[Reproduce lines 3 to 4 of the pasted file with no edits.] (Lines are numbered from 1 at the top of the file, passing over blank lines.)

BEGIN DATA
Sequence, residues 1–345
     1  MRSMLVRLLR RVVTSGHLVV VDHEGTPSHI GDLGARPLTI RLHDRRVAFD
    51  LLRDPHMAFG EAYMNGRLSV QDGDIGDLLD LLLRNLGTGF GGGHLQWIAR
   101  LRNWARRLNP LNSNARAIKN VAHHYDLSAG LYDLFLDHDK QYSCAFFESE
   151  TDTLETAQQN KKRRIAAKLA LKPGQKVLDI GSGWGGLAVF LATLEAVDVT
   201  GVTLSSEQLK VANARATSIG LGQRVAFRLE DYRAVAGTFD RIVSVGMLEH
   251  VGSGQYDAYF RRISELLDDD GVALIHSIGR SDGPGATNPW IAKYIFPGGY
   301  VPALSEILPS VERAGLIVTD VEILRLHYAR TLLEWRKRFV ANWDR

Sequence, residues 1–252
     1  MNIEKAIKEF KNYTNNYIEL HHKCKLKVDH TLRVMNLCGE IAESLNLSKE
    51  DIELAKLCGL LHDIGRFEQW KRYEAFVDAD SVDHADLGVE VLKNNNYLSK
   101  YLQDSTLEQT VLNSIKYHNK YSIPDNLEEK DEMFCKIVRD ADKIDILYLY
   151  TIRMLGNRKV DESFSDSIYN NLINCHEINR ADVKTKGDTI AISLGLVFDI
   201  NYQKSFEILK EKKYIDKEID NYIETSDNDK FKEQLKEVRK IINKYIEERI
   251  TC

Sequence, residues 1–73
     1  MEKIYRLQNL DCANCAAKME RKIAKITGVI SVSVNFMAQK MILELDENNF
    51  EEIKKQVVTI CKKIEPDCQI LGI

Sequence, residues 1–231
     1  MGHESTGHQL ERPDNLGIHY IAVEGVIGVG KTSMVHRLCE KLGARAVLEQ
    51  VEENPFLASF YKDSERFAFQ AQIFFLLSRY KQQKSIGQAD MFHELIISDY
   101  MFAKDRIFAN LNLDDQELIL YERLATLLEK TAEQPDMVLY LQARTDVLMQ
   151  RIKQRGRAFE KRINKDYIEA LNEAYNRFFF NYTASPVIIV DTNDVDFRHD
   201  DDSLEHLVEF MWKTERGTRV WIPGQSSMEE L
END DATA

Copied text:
    51  LLRDPHMAFG EAYMNGRLSV QDGDIGDLLD LLLRNLGTGF GGGHLQWIAR
   101  LRNWARRLNP LNSNARAIKN VAHHYDLSAG LYDLFLDHDK QYSCAFFESE